Resume and Cover Letter

 

 Job Description

Example Job Posting: See PDF

 Cover Letter

Example Cover Letter: See PDF

 Resume

Example Resume: See PDF

 

Templates

 

Canva: Create a free account and get access to a plethora of Resume & Cover Letter Templates. This resource allows you customize templates without format restrictions. 

 

Be careful, some of these templates are over the top and use photos, many colors, etc.  

Resume GeniusThis site offers free, modern templates for microsoft word. 

Be careful, some of these templates are over the top and use photos, many colors, etc.

Microsoft Templates Microsoft office has been working on creating more modern looking templates for use in microsoft word. Some of these templates may have strict format restrictions. 

Google Drive TemplatesGoogle docs has a variety of resume templates that can help get you started.

Be careful, some of these templates are over the top and use photos, many colors, etc.

 

 

Cover Letter

This is your first impression! Introduce yourself. 

  • Who are you?
  • What is your passion? 

Catch the reader's attention with a quote from a boss, client, etc. about your abilities, a statistic that shows your abilities... etc. 

The employer gave you a job description that outlines their needs in that position. Write your experiences, in relation to their needs.

  • How do you meet their needs?
  • Why should they hire you?
  • What do you offer that they would benefit from?
  • How do your experiences meet the job requirements?

Your cover letter in general should be 1 page or less. Remember this is your introduction, you want to provide enough information to convey your interest and qualifications but not overwhelm a hiring manager with pages and pages of information.  A good general rule is to write no less than 1/2 a page and no more than 1 page. 

There are some exceptions to this like Federal cover letters which tend to be longer due to other requirements, always read the job description. 

 This is a business letter hence, the language that you use is important.

Stay away from slang and always spell out acronyms at least once before using it in a sentence. 

  • Check your grammar!
  • Read your documents. 

You can always go to the UAF Writing Center for a grammar and language check

Need a step by step guide? Download our template:  Download the Cover Letter Template

These sites have great articles and examples for you to follow: 

Resume

  • Font should not be smaller than 10pt. 
  • Make sure to choose a professional looking font like Garamond, Arial, Times New Roman, Calibri, etc. 
  • Use no more than 2 types of font
  • No photos
  • If you use color, use it minimally. Limit yourself to 1-2 colors
  • Use bold and italics to differentiate jobs, workplaces, or sections of your resume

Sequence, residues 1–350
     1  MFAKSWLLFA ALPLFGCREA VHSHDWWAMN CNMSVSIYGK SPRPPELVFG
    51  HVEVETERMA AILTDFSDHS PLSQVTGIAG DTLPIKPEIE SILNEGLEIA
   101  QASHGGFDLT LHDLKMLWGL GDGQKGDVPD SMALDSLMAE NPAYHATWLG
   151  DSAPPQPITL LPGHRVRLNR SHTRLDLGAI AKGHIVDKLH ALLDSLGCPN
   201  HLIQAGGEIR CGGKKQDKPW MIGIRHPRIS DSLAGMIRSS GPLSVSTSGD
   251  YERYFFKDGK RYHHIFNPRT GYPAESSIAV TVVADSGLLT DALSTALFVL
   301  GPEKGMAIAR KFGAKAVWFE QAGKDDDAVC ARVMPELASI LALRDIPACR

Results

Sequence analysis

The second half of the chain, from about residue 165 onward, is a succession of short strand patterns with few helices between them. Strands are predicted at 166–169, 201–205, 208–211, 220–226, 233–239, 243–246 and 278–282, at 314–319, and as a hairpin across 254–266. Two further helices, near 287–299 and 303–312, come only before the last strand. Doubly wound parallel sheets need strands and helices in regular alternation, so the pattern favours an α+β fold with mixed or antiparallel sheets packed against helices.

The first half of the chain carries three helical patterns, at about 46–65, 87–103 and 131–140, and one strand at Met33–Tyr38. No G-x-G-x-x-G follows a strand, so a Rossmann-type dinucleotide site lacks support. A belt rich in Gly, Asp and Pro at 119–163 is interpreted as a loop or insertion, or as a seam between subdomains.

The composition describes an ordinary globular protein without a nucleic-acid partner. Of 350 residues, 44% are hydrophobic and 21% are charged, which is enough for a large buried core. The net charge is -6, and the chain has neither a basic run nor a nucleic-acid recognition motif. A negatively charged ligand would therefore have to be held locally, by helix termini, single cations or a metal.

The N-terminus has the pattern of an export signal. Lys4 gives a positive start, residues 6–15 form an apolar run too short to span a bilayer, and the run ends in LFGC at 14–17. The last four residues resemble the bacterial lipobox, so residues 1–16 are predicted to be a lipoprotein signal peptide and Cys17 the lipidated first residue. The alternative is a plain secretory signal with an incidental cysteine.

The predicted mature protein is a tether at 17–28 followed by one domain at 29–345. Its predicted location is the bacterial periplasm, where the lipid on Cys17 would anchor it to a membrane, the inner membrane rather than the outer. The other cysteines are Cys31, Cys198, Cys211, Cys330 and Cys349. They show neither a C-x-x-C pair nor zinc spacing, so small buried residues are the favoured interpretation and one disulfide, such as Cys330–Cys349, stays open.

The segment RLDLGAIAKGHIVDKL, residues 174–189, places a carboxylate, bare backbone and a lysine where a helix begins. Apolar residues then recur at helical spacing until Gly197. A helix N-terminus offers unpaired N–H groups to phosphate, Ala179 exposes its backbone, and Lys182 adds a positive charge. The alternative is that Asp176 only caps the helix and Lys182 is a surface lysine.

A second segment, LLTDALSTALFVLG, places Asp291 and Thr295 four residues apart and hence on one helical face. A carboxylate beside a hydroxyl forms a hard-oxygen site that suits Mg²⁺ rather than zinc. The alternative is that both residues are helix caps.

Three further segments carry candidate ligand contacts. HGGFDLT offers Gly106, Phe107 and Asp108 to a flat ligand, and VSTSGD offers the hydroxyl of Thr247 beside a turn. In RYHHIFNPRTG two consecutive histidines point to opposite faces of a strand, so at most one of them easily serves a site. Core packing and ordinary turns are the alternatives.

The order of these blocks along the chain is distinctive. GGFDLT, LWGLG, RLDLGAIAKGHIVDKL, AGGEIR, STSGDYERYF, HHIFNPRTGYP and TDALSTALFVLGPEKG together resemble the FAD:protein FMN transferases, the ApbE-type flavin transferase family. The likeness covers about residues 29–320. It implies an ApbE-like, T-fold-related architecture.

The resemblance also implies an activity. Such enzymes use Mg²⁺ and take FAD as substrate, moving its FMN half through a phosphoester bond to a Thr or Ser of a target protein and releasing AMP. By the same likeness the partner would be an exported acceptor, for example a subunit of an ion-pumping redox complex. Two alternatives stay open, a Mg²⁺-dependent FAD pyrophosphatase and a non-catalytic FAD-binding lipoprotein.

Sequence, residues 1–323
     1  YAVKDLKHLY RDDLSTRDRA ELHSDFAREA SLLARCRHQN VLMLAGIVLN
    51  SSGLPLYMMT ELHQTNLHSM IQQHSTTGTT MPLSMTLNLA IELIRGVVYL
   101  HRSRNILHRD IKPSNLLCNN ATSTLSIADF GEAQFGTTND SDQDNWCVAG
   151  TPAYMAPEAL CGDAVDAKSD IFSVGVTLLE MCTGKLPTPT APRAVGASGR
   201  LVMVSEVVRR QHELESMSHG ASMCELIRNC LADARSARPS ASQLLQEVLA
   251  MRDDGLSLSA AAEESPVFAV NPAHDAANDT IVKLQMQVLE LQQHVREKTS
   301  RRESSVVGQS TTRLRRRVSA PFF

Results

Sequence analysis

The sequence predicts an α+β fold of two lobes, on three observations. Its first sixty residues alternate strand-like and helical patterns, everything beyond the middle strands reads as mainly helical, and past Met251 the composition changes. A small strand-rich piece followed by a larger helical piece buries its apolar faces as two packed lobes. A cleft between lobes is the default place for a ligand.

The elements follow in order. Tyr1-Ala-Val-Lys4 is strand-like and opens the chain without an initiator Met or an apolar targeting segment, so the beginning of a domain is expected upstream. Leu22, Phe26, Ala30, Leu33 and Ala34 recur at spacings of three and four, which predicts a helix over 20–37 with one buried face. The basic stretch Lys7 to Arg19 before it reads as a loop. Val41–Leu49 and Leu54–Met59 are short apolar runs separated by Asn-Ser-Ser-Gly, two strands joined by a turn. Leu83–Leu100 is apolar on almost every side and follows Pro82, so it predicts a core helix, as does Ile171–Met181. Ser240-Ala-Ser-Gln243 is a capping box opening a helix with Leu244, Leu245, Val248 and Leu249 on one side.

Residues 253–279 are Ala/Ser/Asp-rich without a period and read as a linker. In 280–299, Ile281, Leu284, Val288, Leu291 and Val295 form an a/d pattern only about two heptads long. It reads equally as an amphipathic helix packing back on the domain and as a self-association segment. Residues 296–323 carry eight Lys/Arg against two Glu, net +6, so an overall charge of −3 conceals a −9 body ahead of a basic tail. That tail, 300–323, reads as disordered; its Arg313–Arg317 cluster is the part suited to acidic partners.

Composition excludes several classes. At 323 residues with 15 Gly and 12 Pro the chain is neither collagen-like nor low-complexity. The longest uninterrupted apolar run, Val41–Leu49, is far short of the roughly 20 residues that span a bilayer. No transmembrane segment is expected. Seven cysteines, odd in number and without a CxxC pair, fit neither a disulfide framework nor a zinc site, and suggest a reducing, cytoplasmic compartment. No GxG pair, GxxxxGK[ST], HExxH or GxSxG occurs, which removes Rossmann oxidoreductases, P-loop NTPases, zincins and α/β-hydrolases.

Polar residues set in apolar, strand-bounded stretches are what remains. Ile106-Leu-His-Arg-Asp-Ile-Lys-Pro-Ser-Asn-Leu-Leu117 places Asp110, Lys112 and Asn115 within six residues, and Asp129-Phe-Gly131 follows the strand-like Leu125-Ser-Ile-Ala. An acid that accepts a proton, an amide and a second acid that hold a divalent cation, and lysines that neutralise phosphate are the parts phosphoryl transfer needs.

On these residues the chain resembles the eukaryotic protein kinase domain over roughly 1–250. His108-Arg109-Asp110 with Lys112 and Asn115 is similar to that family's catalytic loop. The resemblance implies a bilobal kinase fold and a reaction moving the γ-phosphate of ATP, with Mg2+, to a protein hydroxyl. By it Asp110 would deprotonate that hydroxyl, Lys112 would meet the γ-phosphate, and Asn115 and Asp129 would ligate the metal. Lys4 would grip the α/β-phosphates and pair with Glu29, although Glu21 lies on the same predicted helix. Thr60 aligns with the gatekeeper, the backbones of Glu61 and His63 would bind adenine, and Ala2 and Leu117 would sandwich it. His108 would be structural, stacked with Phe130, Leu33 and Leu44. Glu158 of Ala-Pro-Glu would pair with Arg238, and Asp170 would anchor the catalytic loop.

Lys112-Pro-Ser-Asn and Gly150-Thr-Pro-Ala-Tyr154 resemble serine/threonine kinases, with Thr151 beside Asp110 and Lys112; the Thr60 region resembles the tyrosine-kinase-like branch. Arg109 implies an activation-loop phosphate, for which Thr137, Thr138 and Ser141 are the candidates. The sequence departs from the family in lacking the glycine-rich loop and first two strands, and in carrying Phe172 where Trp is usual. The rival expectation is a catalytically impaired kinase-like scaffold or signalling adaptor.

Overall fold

• Use bullet points to highlight job accomplishments
  • Make sure your contact information is professional
  • Prioritize content
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  • An objective tells the employer want you want, while a summary or profile summarizes your relevant skills and shows how you can help the employer. There may be times when either is appropriate but, it is always good to show how you specifically meet the employers needs! 
    Objective: Looking for an exciting and challenging job that will allow me to showcase my communication skills. 
    Summary/Profile: Enthusiastic and proactive communication student with 3 years of marketing, design, and communication skills. Expert problem solver, detail oriented, and goal driven.
  • How to Write a Powerful Resume Summary
  • Generally, an undergraduate or recent graduate student’s resume should be 1 page
  • When an individual has 5-10 years of experience then their resume can be 2 pages.

HOWEVER, length can also be determined by relevancy.  If you can fill 2 pages with relevant information (connecting to the job description) 2 pages may be appropriate.

  • Keep High School Education on your resume until you have gained another degree: i.e.. an associates, bachelors etc.
  • Include your current degree on your resume with your start date and expected graduation date listed. *You can write the date alone or add “Expected Graduation Date: (Date).”
  • Underneath each job list relevant (to the job description)  experiences that you have had in other positions.
  • Use action verbs to start each statement. Be consistent in your tenses. Another option is to place words like Successfully in front of the action verbs.
  • Instead of posting duties, post accomplishments which show what you did and the result. Accomplishments are quantifiable.  
    Duty: Planned Events as needed.
    Accomplishment: Planned and presented 3 events for Senator Dan Sullivan which included writing speeches and coordinating with various businesses and organizations.
  • Quantify when possible: Designed and Implemented a business plan that increased productivity by 35%
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